Screening results can stop athletes from playing sports their entire lives, so our clinicians consult with the entire multidisciplinary team before making recommendations about participation risk. Many findings are minor and managed with medical therapy in a manner that enables safe sport participation. We also welcome athletes who seek second opinions, and work with patients and their primary doctors to develop a coordinated diagnostic and treatment strategy if needed.
Our clinicians offer individual screenings at our facility or group screenings at onsite locations such as schools, universities and clubs. Athletic trainers and sports medicine groups who wish to improve their proficiency in this area can request our consultation services. To request a consultative service for your group, please call 617-643-7117.
Our dedicated nurse coordinator is available Monday through Friday from 8:30 am to 5:00 pm to take relevant information about your condition and make a timely appointment with our team. Call 866-644-8910 to speak to a nurse coordinator or request an appointment online.
If you are a physician and would like to refer your patient to the CPP, please call 866-644-8910. Our CPP physicians take a collaborative approach patient care, communicating directly with referring providers to discuss treatment options and care recommendations.¬We see patients as soon as possible, matching them with a specialist best suited to their needs.
The CPP is a leader in the field of sports cardiology research with more than 90 peer-reviewed publications focused on the clinical care and related physiology of the athletic patient. The CPP faculty hold research funding from the National Institutes of Health, the American Heart Association, the Department of Defense and the National Football League Players Association. Studies have focused on:
The CPP faculty have developed a collaborative research relationship with the Harvard University Department of Athletics to provide a platform for the study of competitive athletes. Research work completed within the HAI focuses on several key topics including pre-participation screening and cardiac structural and functional remodeling among competitive athletes. Numerous studies have been conducted and published utilizing repeated measurement longitudinal study design, which permits the establishment of a cause and effect relationship between exercise training and cardiac remodeling.
Education is among the most important missions of the CPP. In July of 2012, the CPP sponsored its first full-time sports cardiology fellow (a one-year clinical and research offering). Past and current CPP trainees have developed clinical competencies in sports cardiology and have completed original research work leading to presentation at national meetings anfd original manuscript publication. Learn more about the CPP Fellowship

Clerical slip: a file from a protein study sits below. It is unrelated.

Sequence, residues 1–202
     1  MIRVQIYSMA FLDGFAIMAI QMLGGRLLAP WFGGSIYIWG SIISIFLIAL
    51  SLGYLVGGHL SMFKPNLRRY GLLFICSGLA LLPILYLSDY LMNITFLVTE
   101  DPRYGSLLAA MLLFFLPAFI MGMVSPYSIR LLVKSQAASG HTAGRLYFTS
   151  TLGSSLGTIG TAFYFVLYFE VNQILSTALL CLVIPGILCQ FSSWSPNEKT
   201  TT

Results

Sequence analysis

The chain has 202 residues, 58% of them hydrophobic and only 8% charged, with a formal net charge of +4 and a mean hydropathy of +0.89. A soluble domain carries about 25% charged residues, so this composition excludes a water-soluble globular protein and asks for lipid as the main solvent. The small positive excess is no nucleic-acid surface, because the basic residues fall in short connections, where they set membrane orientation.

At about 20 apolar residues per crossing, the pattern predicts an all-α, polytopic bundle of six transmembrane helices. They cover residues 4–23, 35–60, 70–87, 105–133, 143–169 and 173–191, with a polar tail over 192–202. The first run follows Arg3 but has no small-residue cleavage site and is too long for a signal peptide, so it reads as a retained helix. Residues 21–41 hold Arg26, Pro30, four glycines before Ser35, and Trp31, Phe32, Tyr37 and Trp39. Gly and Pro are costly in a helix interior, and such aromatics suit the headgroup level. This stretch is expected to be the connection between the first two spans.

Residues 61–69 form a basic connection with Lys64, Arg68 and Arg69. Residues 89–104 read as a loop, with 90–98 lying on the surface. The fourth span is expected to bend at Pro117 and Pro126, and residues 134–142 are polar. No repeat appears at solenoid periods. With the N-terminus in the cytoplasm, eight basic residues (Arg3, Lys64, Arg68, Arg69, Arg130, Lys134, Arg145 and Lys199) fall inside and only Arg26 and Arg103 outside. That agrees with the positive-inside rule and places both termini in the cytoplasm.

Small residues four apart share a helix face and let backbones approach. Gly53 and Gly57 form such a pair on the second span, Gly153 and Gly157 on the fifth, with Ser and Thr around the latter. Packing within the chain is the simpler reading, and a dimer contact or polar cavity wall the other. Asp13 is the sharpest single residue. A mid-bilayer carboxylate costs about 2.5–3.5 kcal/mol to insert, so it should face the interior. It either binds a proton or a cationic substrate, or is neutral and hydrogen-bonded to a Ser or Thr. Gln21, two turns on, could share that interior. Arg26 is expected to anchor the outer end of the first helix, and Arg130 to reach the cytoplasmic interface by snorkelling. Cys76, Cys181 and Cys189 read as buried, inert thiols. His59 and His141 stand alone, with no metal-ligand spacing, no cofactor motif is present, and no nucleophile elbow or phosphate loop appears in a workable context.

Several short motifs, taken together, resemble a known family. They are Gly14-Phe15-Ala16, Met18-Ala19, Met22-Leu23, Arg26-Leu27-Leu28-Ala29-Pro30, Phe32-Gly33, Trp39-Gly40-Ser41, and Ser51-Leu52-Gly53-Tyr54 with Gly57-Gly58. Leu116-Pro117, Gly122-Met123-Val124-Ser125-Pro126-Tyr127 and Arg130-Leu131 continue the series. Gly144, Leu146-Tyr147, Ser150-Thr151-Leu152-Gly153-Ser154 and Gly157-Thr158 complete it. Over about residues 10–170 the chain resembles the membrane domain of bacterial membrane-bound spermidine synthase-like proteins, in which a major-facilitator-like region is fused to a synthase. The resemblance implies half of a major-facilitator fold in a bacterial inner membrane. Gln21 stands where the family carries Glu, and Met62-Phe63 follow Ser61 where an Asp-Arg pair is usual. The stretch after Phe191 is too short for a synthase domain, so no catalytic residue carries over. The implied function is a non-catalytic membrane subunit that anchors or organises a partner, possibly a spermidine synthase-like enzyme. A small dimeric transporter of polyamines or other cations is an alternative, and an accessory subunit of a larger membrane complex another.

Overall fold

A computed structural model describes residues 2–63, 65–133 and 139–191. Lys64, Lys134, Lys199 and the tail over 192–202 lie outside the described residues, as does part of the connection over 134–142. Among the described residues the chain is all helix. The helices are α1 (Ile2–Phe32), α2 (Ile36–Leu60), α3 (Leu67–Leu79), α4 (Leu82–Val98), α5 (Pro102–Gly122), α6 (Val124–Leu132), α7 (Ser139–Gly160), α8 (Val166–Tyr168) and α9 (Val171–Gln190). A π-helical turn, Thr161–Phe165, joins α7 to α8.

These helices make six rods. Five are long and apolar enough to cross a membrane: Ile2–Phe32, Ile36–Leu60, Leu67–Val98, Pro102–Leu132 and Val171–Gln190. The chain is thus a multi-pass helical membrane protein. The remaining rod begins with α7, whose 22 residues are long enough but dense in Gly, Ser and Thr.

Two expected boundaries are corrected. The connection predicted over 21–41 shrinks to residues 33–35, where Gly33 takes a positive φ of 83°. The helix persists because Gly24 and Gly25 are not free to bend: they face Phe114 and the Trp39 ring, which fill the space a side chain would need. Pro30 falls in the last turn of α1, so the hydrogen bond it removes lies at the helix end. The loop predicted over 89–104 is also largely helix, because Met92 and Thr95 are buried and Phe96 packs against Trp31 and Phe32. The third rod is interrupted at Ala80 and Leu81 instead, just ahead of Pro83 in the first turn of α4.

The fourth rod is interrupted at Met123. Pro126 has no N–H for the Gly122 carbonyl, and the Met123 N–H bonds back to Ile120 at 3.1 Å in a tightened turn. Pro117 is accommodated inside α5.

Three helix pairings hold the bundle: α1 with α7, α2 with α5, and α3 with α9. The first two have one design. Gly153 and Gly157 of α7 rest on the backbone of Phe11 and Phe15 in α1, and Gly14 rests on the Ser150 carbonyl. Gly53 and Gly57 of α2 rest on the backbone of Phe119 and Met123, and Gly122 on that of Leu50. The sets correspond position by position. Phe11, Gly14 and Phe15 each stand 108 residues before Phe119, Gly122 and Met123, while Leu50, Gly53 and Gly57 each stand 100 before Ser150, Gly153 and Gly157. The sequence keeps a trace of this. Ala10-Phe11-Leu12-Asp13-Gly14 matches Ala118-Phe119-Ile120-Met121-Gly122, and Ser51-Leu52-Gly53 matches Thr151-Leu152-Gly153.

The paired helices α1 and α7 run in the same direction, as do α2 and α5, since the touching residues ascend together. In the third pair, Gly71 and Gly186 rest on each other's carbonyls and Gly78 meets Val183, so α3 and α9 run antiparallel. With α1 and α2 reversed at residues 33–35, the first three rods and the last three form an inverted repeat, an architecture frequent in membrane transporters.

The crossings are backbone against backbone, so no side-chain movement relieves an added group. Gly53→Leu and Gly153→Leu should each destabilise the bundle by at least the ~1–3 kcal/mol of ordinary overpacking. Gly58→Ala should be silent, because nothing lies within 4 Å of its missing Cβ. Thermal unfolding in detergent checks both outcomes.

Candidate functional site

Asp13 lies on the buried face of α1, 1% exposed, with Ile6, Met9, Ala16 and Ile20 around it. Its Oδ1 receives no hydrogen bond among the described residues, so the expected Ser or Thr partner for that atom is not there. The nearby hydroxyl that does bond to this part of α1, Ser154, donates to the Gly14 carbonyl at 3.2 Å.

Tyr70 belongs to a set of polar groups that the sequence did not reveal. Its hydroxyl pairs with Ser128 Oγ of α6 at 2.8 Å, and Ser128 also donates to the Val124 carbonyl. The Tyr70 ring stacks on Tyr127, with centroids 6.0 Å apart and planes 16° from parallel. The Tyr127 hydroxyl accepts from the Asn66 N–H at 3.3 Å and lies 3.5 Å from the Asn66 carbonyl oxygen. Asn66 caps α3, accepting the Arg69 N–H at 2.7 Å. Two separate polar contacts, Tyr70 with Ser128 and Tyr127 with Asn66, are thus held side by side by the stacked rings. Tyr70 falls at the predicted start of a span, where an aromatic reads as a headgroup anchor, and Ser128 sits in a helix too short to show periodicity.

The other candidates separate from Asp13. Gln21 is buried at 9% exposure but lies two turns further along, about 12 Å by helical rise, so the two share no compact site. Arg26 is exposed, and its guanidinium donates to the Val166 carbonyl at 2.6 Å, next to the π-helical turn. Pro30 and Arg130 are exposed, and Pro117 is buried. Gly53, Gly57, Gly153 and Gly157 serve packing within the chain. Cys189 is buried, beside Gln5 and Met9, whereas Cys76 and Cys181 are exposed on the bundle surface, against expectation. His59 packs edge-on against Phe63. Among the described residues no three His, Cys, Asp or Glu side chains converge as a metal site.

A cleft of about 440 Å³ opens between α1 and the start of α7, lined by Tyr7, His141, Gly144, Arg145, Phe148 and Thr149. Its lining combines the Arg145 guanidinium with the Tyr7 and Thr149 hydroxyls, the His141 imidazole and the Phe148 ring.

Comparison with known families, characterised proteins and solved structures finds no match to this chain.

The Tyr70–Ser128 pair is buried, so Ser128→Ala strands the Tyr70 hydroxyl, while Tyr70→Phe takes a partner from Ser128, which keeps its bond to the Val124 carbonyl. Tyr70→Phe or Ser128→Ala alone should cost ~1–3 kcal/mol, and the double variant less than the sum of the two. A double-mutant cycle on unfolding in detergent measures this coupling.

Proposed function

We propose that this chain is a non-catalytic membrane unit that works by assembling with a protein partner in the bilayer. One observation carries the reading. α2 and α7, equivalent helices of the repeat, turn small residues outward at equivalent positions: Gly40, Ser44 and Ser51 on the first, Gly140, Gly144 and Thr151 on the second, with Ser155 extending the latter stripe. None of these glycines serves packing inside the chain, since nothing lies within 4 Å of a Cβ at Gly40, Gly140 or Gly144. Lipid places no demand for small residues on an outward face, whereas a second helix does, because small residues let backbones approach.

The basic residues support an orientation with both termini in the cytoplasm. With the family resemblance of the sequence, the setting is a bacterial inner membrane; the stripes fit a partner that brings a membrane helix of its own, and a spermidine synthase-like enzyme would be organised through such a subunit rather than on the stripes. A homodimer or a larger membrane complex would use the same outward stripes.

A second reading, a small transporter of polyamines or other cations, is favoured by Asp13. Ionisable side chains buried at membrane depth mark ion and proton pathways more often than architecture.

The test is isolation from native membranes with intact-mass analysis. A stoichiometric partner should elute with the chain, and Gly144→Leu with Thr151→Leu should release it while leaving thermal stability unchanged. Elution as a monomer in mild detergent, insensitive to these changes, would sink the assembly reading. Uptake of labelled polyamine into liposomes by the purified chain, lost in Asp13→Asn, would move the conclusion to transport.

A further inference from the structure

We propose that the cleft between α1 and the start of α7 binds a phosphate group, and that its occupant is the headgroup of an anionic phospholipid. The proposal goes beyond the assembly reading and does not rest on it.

The CPP is a health care resource and partner for athletic events in the Boston community and beyond. This is best exemplified by our partnership with the Boston Athletic Association, for which Aaron Baggish, MD, associate director of the CPP program, serves as a co-medical director. Each year prior to the running of the Boston Marathon, CPP staff and a committed group of health care volunteers provide complimentary training in hands-only cardiopulmonary resuscitation (CPR) for the community. Since this program’s inception in 2012, our team has taught more than 10,000 runners and spectators this life-saving skill.
The care team at the Corrigan Minehan Heart Center encourages all patients and family members to learn more about conditions and diseases that affect the heart and overall cardiovascular system. The links below provide more information about heart conditions and diseases that might be treated within this program.
Arrhythmias are heart rhythm disorders that may originate in the atria (the receiving chambers of the heart) or the ventricles (the pumping chambers of the heart).
Cardiomyopathy is any disease of the heart muscle in which the heart loses its ability to pump blood effectively.
Coronary heart disease occurs when cholesterol builds up within the walls of the heart’s arteries (coronary arteries), forming what is called plaque.
A heart attack occurs when one or more regions of the heart muscle experience a severe or prolonged lack of oxygen caused by blocked blood flow to the heart muscle.